Defensive tackle Haloti Ngata and wide receiver Demetrius Williams will miss
the remaining 15 spring workouts because of an agreement between the NFL and the
NCAA that limits a player to one minicamp with his pro team while his school is
still in session.
Ngata, a first-round pick, and Williams, a fourth-round selection, aren't
allowed to return to the Ravens' training complex until June 16, the last day of
exams for the University of Oregon, even though both have withdrawn from the
school. The last day of minicamps for the Ravens is June 15.
"It really (stinks) because I'm going to be way behind in learning the
playbook," said Ngata, who is expected to start immediately. "I'm going to try
my hardest to communicate with the coaches and try to teach myself."
Ravens officials were aware of the rule when they drafted both players.
This policy, which was designed to help players stay in school, affects a small
number of rookies because most colleges hold commencement in the middle of May,
a time when most NFL teams are just starting to hold minicamps.
But players from schools that hold spring exams in June -- such as Oregon, Ohio State, UCLA, Stanford and Washington -- are penalized.
In talking with prospects at the scouting combine in February, Ravens coach
Brian Billick estimated that 90 percent had already left school. Many players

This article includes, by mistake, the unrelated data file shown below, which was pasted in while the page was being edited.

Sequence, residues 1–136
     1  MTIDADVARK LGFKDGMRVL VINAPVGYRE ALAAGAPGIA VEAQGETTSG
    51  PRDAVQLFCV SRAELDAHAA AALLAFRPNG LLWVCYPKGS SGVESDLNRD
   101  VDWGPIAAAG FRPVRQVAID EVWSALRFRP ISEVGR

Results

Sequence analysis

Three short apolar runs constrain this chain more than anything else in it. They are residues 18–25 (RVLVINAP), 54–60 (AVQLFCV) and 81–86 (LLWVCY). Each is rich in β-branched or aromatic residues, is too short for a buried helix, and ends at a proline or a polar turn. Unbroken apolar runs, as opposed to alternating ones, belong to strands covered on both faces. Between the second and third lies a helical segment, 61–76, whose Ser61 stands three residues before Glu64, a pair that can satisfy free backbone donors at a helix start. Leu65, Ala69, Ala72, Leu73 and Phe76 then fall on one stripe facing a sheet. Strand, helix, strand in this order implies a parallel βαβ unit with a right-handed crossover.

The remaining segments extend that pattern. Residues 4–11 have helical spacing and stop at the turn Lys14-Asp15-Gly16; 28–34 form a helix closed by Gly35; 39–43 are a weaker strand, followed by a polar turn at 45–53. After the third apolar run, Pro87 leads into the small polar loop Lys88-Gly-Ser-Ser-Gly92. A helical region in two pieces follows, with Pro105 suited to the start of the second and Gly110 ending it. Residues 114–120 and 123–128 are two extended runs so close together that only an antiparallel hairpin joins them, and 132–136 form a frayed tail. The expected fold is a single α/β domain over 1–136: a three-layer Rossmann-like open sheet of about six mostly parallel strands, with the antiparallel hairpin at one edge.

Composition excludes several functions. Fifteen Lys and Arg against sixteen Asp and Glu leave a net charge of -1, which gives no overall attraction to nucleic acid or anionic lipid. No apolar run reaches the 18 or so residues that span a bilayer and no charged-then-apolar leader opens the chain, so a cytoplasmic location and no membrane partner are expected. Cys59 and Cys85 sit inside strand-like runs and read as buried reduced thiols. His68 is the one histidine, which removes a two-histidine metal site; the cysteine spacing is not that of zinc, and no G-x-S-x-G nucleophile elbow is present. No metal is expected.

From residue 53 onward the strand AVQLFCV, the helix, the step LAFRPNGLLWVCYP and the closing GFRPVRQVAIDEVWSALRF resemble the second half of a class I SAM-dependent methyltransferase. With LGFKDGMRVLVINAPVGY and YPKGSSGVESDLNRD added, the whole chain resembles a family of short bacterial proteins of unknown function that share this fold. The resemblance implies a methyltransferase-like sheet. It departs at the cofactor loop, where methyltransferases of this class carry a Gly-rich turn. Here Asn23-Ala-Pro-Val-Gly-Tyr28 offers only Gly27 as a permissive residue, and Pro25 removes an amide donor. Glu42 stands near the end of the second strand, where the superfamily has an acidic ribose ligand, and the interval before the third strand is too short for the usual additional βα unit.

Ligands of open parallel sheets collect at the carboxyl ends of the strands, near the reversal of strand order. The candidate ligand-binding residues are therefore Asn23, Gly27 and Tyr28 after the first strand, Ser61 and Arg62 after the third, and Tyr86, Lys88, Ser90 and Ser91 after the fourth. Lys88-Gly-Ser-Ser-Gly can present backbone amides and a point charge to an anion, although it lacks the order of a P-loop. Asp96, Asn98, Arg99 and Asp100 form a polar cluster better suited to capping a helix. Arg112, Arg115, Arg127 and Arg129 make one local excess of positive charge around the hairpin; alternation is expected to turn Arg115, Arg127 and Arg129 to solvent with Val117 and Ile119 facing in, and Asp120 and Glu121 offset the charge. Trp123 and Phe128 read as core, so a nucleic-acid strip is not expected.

stop attending classes as soon as the football season ends in order to start
working out for the draft.
"The intent (of the rule) was correct and we always supported it, but the
problem is that it's not happening. Players are going to stay in school or
they're not," Billick said. "This (offseason work) is important stuff. If we
didn't need to do this, we wouldn't. For them to miss that amount of time, it's
very unfortunate for them. It puts them at a competitive disadvantage. The rule
needs to be re-evaluated."
The purpose of spring workouts is to give first-year players a foundation for
the system and a familiarity with teammates that will carry into training camp.
The sessions include non-contact practices that are followed by meetings where
they break down the playbook and film.
Billick said the Ravens would send instructional DVDs that will help Ngata and
Williams digest the information. Coaches could also visit them.
"It puts me behind," said Williams, a candidate for the No. 3 receiver spot who
is still searching for someone to throw to him over the next month.
"When I come to training camp, a lot of guys are going to be off and running.
It's just difficult. I don't think it's that great of a rule."
Because Ngata and Williams are virtually assured spots on the roster, the one
Ravens newcomer who is most affected by this rule is undrafted quarterback Drew Olson.
Hoping to catch on as the No. 3 quarterback, Olson understands missing those
minicamps could hurt his chances. On pace to graduate from UCLA with a history
degree, he is trying to see if he can attend the June minicamps by taking his
final exams early.
"It would definitely be a bummer if I couldn't be here," Olson said. "Obviously,
(the minicamps are) huge, crucial and beneficial for myself. It's kind of in the
hands of the professors right now."